USIS is representing to its client that those standards have been met (which is what it does when it approves a candidate for a clearance). Now, I agree that on face it sounds like breach of contract, but in this instance USIS crosses the line into fraud IMO.

    They meet the elements:

    USIS has arguably made a intentional misrepresentation if it knowingly cuts corners in investigating applicants but approves those applicants without having fulfilled its duty in toto.

    The government has relied, and USIS has intended that the government rely, on that misrepresentation (otherwise it becomes non-performance and there is no payment)

    The government has demonstrably been damaged by relying on the misrepresentation.

    AFAICS they’ve done everything that you do when your intent is to perpetrate a fraud.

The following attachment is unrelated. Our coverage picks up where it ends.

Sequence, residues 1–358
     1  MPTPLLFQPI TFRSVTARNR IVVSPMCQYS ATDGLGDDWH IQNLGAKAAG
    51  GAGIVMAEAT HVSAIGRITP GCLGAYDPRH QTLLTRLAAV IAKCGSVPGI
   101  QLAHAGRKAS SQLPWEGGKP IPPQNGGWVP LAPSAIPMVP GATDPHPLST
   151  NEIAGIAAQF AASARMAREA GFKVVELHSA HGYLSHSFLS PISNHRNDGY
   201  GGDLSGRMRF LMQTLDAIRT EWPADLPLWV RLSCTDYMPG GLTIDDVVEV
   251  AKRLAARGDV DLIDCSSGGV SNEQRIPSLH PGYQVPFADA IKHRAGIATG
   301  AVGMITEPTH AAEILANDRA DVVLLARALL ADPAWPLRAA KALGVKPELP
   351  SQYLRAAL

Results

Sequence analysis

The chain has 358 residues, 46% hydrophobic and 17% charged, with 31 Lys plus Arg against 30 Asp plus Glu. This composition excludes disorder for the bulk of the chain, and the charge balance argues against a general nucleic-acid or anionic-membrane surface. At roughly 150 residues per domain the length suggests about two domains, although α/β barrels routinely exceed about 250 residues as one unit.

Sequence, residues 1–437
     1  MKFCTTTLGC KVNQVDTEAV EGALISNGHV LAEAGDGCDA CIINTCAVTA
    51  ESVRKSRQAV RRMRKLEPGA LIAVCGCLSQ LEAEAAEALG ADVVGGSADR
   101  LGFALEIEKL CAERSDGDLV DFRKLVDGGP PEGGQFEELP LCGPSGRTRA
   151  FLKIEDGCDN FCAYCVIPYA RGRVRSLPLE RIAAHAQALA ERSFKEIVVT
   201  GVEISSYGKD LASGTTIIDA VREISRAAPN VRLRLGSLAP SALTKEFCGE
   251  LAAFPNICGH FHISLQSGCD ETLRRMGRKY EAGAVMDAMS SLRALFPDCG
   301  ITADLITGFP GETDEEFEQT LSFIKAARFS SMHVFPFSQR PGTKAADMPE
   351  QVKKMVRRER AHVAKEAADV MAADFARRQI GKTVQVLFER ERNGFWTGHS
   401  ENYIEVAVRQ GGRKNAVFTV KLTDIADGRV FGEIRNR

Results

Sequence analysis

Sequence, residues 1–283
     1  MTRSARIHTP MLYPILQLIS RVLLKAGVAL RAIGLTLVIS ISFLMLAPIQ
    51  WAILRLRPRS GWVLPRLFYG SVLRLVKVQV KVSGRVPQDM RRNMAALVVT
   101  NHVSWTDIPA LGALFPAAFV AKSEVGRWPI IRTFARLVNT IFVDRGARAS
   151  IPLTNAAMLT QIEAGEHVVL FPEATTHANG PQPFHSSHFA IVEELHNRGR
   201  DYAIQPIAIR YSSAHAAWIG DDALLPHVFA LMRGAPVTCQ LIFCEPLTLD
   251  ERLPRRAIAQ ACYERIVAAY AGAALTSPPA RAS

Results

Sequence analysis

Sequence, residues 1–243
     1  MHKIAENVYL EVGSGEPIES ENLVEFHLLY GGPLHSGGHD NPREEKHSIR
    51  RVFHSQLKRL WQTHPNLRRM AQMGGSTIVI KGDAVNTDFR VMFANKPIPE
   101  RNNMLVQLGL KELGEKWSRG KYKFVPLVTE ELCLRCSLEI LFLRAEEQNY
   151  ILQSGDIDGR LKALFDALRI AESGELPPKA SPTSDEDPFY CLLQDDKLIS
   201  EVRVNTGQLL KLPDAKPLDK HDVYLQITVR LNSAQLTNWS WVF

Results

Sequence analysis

Like or Dislike: Thumb up 3 Thumb down 0

  12. JohnMcC says:

    Two thoughts: First, that every since I’ve been paying attention to politics — many decades — administrations have been moaning and bitching about ‘leaks’ and promising to find and punish leakers. The Obama administration actually seems serious about it.

    Second, Providence Equity is a global investment firm which has no particular loyalty to the US. The President of Capital Markets Group (a phrase with 1,000 meanings if I ever heard one) is Mr Thomas Gahan, formerly with DeutcheBank.

    One can go on in this vein at some length: The CEO of USIS turns out to be a Mr Sterling E Phillips. Who owns a significant share of Hadron, Inc. Which is associated with several bad children over the years, one of whom, Dr Earl Brian, is the Reaganite who actually met with the Iranians to arrange delivery of missles in exchange for hostages.